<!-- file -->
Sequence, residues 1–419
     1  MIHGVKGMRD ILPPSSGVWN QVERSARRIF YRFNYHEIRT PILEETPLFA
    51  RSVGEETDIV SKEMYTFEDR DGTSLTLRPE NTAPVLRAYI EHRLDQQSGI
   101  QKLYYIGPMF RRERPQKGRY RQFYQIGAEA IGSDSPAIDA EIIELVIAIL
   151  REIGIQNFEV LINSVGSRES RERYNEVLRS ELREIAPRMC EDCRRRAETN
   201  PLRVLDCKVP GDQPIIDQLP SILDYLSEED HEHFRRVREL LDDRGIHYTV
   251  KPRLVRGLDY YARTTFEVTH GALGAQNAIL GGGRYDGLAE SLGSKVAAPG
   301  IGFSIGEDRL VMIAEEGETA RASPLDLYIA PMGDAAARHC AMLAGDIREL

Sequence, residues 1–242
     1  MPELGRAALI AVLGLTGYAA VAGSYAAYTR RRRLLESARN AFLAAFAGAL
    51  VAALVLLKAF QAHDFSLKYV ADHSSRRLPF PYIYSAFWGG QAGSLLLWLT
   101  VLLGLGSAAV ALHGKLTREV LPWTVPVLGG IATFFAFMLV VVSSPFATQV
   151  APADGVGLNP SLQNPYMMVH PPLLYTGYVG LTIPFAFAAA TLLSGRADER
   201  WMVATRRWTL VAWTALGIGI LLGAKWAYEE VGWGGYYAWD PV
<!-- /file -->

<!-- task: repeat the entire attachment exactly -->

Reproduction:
Sequence, residues 1–419
     1  MIHGVKGMRD ILPPSSGVWN QVERSARRIF YRFNYHEIRT PILEETPLFA
    51  RSVGEETDIV SKEMYTFEDR DGTSLTLRPE NTAPVLRAYI EHRLDQQSGI
   101  QKLYYIGPMF RRERPQKGRY RQFYQIGAEA IGSDSPAIDA EIIELVIAIL
   151  REIGIQNFEV LINSVGSRES RERYNEVLRS ELREIAPRMC EDCRRRAETN
   201  PLRVLDCKVP GDQPIIDQLP SILDYLSEED HEHFRRVREL LDDRGIHYTV
   251  KPRLVRGLDY YARTTFEVTH GALGAQNAIL GGGRYDGLAE SLGSKVAAPG
   301  IGFSIGEDRL VMIAEEGETA RASPLDLYIA PMGDAAARHC AMLAGDIREL

Sequence, residues 1–242
     1  MPELGRAALI AVLGLTGYAA VAGSYAAYTR RRRLLESARN AFLAAFAGAL
    51  VAALVLLKAF QAHDFSLKYV ADHSSRRLPF PYIYSAFWGG QAGSLLLWLT
   101  VLLGLGSAAV ALHGKLTREV LPWTVPVLGG IATFFAFMLV VVSSPFATQV
   151  APADGVGLNP SLQNPYMMVH PPLLYTGYVG LTIPFAFAAA TLLSGRADER
   201  WMVATRRWTL VAWTALGIGI LLGAKWAYEE VGWGGYYAWD PV